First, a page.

Prevalence and risk factors of hepatitis C infection after cardiac surgery in childhood before and after blood donor screening.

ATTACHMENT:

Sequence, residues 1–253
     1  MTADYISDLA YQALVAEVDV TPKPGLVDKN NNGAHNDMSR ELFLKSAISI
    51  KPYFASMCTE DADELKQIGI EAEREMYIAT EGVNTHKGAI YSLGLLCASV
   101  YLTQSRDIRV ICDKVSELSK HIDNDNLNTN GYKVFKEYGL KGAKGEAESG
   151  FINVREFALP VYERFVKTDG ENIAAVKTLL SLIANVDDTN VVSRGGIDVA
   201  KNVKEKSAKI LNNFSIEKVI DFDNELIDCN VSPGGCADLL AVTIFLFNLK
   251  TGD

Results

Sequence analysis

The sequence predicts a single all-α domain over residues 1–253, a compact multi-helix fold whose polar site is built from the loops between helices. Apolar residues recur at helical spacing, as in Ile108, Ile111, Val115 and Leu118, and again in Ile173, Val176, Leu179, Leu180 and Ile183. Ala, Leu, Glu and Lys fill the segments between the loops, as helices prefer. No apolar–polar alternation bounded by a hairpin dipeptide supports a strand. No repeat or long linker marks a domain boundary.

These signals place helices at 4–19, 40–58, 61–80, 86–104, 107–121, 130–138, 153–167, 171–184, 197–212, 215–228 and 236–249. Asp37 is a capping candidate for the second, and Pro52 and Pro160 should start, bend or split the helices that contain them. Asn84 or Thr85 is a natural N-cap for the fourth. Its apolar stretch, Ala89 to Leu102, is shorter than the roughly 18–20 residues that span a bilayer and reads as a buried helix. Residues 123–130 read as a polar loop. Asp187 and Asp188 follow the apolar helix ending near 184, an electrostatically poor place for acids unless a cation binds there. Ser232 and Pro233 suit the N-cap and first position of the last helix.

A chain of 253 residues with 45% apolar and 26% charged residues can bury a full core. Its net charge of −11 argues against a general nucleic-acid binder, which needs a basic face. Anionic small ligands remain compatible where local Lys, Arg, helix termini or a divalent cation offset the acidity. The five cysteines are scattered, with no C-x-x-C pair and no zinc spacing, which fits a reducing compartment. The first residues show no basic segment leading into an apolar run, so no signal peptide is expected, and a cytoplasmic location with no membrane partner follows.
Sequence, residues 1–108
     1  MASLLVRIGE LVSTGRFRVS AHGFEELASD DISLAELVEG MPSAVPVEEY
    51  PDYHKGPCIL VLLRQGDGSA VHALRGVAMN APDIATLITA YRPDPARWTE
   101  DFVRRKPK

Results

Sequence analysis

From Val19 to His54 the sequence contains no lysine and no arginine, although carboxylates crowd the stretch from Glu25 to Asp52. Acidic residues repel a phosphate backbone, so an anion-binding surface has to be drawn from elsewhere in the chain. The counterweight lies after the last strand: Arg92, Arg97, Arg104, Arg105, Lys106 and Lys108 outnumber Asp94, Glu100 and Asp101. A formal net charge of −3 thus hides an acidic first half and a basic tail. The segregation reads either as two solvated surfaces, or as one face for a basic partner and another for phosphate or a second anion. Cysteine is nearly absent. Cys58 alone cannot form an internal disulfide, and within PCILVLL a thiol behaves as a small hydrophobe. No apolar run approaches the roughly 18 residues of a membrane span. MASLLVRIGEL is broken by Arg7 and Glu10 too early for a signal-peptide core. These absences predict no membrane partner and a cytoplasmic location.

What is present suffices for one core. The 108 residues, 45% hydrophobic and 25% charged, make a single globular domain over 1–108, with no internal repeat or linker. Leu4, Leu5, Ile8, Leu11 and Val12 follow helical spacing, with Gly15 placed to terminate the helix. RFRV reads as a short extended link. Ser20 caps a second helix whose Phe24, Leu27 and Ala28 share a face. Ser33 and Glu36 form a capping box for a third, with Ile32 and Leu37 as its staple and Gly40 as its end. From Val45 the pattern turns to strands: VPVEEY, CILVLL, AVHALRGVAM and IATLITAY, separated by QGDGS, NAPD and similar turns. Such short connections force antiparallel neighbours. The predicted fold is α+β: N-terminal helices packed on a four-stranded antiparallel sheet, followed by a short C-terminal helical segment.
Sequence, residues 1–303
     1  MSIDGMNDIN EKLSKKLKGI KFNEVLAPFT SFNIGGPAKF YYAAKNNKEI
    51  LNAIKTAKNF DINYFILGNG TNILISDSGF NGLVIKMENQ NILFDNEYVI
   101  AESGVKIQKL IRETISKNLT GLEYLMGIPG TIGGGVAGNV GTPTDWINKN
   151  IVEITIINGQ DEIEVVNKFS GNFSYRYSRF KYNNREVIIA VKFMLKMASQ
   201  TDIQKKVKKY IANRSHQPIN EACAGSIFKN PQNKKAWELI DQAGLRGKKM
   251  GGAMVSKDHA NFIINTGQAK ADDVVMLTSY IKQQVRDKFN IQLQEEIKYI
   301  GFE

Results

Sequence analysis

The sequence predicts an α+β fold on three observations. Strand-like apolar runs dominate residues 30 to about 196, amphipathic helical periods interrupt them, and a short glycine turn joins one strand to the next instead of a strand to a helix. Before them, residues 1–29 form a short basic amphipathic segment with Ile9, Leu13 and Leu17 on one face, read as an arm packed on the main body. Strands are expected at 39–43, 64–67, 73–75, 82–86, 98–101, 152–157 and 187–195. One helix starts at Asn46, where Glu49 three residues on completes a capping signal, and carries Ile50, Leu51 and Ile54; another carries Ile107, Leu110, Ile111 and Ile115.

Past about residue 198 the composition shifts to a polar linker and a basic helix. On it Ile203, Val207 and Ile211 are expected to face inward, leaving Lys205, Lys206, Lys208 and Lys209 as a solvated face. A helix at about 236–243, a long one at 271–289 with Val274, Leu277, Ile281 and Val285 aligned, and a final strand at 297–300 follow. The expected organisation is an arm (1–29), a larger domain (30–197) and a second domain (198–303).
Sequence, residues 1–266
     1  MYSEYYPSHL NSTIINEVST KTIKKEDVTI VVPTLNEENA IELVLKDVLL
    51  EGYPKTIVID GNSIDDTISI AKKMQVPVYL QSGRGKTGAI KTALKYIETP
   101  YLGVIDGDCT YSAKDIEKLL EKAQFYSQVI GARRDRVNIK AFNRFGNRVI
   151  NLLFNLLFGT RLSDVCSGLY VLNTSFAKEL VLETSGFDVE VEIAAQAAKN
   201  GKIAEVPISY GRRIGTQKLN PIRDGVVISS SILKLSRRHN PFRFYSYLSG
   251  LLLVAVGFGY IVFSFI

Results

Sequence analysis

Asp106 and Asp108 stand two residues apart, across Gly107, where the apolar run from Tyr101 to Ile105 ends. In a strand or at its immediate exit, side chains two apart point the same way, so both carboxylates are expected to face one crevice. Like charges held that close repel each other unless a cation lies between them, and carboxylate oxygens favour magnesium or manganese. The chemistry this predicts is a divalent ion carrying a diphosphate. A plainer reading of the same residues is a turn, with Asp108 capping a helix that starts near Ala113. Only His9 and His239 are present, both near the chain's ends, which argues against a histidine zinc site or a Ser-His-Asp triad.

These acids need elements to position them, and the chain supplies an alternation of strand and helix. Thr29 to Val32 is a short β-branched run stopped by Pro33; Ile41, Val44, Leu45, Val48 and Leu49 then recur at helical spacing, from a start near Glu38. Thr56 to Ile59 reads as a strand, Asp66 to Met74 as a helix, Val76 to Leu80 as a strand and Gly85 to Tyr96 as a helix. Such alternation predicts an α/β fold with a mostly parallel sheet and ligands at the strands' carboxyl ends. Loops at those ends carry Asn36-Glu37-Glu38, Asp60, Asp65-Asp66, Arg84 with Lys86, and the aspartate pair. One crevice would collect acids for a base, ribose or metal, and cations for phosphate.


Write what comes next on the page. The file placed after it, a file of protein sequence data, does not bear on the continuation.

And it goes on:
BACKGROUND: Since 1974, the risk of acquiring non-A non-B hepatitis by blood transfusion is well known. In 1999, children having had polytransfusions (group 1) after cardiac surgery prior to the establishment of routine blood donor screening could be identified as a risk group for hepatitis C (HCV) infection. PATIENTS AND METHODS: In 1991, Germany began screening blood donors for hepatitis C. To describe the risk after the implementation of blood donor screening, we studied 211 children (group 2) having had open heart surgery after 1991 and compared prevalence for anti-HCV antibodies and known risk factors to group 1. RESULTS: None of the 211 patients with cardiac surgery after 1991 had detectable anti-HCV antibodies, compared to 67 of the 458 patients (14.6%) of group 1 (p< 0.001). The mean number of operations in both groups was virtually the same (mean 1.7 +/- 0.9 in group 1, mean 1.6 +/- 0.9 in group 2, p = 0.075), whereas the total number of blood products per patient differed significantly (group 1 mean 8 +/- 17.6, group 2 mean 3.5 +/- 2.8; p< 0.001). Multivariate analysis of risk factors demonstrates affiliation to group 1, transfusion of fresh blood, warm whole blood, heparinized blood (p< 0.001) and plasma (p = 0.004) as significant. CONCLUSION: After the implementation of blood donor screening, the risk for HCV infection after cardiac surgery in childhood dropped significantly from 14.6% to< 0.5%. These data show the necessity of HCV screening for patients at risk (operations before 1991) and do not favor a general screening for all patients.